Petition In SC Argues That Special Schemes For Minorities Violate Right To Equality: How The Centre Has Responded So Far
The petitioners said they are denied equal treatment, despite being similarly situated as the members of religious minorities, just because of the fact that they belong to the majority community
The Union government has defended the special treatment of religious minorities in India in the Supreme Court against a petition holding the same as violative of the right to equality.
The petition filed jointly by six members of the Hindu community through advocate Vishnu Shankar Jain contended that the petitioners are denied of equal treatment, despite being similarly situated as the members of religious minorities, just because of the fact that they belong to the majority community.
The petitioners said that unequal treatment to equals on the basis of religion violated their fundamental right to equality (Article 14), right against discrimination on grounds of religion (Article 15) and the right against paying taxes for the promotion or maintenance of any particular religion or religious denomination (Article 27).
“The petitioners and other members of [the] Hindu community are suffering because they have been born in [the] majority community.. The State cannot promote or give any benefit to any religious community whether minority or majority keeping in view the secular ethos embedded in the Constitution of India,” stated the petition.
The petition has objected to the allocation of Rs 4,800 crore in the Centre’s 2019-2020 budget for the implementation of such schemes.
The petitioners also made made specific submissions against the welfare schemes for Waqf properties.
They argued that no similar benefits are given to the institutions of Hindu community such as trusts, mutts and akhadas, and therefore, contending that by giving such “undue advantage”, the Centre is treating the Muslim community above law.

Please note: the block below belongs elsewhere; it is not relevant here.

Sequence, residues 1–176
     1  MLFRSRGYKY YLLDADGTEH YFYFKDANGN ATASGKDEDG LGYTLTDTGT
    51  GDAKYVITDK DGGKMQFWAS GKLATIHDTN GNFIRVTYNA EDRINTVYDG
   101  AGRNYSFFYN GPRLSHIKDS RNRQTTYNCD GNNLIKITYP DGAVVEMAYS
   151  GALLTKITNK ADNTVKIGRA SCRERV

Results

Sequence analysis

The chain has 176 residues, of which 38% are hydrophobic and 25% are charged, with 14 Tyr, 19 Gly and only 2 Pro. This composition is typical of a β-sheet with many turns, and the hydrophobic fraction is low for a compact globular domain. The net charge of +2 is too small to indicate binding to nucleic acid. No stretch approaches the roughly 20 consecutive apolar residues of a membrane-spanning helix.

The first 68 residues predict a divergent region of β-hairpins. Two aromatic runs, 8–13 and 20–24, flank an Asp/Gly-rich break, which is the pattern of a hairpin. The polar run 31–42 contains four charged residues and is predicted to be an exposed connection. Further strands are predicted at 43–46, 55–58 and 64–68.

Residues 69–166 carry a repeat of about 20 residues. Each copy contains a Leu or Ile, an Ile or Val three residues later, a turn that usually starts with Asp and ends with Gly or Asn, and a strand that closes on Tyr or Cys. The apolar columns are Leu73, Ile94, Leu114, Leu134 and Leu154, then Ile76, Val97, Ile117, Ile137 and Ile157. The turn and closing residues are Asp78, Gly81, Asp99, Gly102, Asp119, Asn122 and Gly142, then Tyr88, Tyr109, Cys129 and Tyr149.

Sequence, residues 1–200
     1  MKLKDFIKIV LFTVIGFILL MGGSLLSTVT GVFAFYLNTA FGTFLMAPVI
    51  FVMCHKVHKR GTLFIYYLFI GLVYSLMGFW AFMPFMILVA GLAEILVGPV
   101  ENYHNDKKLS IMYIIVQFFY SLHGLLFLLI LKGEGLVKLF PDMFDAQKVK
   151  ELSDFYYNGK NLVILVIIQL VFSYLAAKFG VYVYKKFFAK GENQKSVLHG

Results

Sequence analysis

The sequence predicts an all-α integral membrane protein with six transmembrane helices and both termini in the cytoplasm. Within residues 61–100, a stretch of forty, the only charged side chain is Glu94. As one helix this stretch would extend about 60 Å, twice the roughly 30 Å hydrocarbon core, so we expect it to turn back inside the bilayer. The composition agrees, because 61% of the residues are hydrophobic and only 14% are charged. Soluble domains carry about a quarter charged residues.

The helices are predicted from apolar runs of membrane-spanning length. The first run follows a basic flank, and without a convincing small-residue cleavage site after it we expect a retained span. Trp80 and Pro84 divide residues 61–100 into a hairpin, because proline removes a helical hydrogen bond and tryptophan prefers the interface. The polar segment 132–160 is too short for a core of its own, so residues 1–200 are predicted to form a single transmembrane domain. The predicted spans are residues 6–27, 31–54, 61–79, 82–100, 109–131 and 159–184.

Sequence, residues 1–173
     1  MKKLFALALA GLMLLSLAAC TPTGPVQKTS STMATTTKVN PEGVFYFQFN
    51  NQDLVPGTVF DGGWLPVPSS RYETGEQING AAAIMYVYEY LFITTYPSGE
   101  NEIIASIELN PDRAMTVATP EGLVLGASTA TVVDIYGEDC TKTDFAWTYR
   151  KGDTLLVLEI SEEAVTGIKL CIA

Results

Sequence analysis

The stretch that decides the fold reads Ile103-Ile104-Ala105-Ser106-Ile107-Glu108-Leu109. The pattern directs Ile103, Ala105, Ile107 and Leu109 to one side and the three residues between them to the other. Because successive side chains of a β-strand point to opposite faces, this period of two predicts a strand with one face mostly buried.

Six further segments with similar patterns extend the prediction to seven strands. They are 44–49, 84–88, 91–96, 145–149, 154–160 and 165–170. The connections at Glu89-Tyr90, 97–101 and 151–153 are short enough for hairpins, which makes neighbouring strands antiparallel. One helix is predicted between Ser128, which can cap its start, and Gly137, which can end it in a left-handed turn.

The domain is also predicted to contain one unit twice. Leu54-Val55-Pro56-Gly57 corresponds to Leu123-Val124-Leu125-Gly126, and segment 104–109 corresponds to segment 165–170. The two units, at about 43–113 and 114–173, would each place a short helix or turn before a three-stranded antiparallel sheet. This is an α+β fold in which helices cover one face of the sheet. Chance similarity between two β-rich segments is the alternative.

The petition also questioned the validity of the National Commission for Minorities Act, 1992. It argued that there was already a backward classes commission and various schemes to take care of the socially and educationally backward, hence, a commission meant only for certain religious communities was unnecessary.
Union Government's Response
The Union government, on Tuesday, defended in the court the schemes meant for minorities, stating that they do not violate rights of the Hindus and are not against the principle of equality.
The government claimed that the schemes are “legally valid” and aim at “inclusive growth” for the minority communities at various levels.
The affidavit filed by the Union ministry of minority affairs said that the special schemes reduce the inequalities among the minority communities and to improve the level of education, participation in employment, skill and entrepreneurship development, reducing deficiencies in civic amenities or infrastructure.
“The schemes are not in contradiction to the principles of equality as enshrined in the Constitution, and do not violate the rights of members of other communities. These schemes are legally valid as they are only enabling provisions so as to achieve inclusiveness and do not suffer from any infirmity,” said the affidavit.
“In addition, the scholarship scheme, coaching schemes, etc. have academic merit, as well as earmarking for girl students,” it added.
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